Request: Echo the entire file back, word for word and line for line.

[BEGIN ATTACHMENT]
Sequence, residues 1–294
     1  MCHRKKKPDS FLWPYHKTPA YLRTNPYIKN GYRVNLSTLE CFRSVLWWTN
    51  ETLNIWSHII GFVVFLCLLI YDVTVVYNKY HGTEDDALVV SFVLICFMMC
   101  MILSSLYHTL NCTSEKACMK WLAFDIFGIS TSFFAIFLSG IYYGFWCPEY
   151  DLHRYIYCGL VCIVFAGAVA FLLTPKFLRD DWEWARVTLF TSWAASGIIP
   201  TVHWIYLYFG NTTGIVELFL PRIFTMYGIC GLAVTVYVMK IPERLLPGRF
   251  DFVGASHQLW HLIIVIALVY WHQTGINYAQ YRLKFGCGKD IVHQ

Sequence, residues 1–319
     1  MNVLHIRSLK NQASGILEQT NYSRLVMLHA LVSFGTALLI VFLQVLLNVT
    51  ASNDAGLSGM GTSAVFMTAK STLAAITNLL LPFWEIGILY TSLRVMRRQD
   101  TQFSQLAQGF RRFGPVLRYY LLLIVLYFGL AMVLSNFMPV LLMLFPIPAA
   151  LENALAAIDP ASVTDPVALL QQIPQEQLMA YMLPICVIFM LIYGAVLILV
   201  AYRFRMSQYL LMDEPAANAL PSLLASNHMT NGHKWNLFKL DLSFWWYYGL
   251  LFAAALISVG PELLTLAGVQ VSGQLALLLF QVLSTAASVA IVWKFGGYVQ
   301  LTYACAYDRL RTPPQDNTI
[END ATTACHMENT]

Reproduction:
Sequence, residues 1–294
     1  MCHRKKKPDS FLWPYHKTPA YLRTNPYIKN GYRVNLSTLE CFRSVLWWTN
    51  ETLNIWSHII GFVVFLCLLI YDVTVVYNKY HGTEDDALVV SFVLICFMMC
   101  MILSSLYHTL NCTSEKACMK WLAFDIFGIS TSFFAIFLSG IYYGFWCPEY
   151  DLHRYIYCGL VCIVFAGAVA FLLTPKFLRD DWEWARVTLF TSWAASGIIP
   201  TVHWIYLYFG NTTGIVELFL PRIFTMYGIC GLAVTVYVMK IPERLLPGRF
   251  DFVGASHQLW HLIIVIALVY WHQTGINYAQ YRLKFGCGKD IVHQ

Sequence, residues 1–319
     1  MNVLHIRSLK NQASGILEQT NYSRLVMLHA LVSFGTALLI VFLQVLLNVT
    51  ASNDAGLSGM GTSAVFMTAK STLAAITNLL LPFWEIGILY TSLRVMRRQD
   101  TQFSQLAQGF RRFGPVLRYY LLLIVLYFGL AMVLSNFMPV LLMLFPIPAA
   151  LENALAAIDP ASVTDPVALL QQIPQEQLMA YMLPICVIFM LIYGAVLILV
   201  AYRFRMSQYL LMDEPAANAL PSLLASNHMT NGHKWNLFKL DLSFWWYYGL
   251  LFAAALISVG PELLTLAGVQ VSGQLALLLF QVLSTAASVA IVWKFGGYVQ
   301  LTYACAYDRL RTPPQDNTI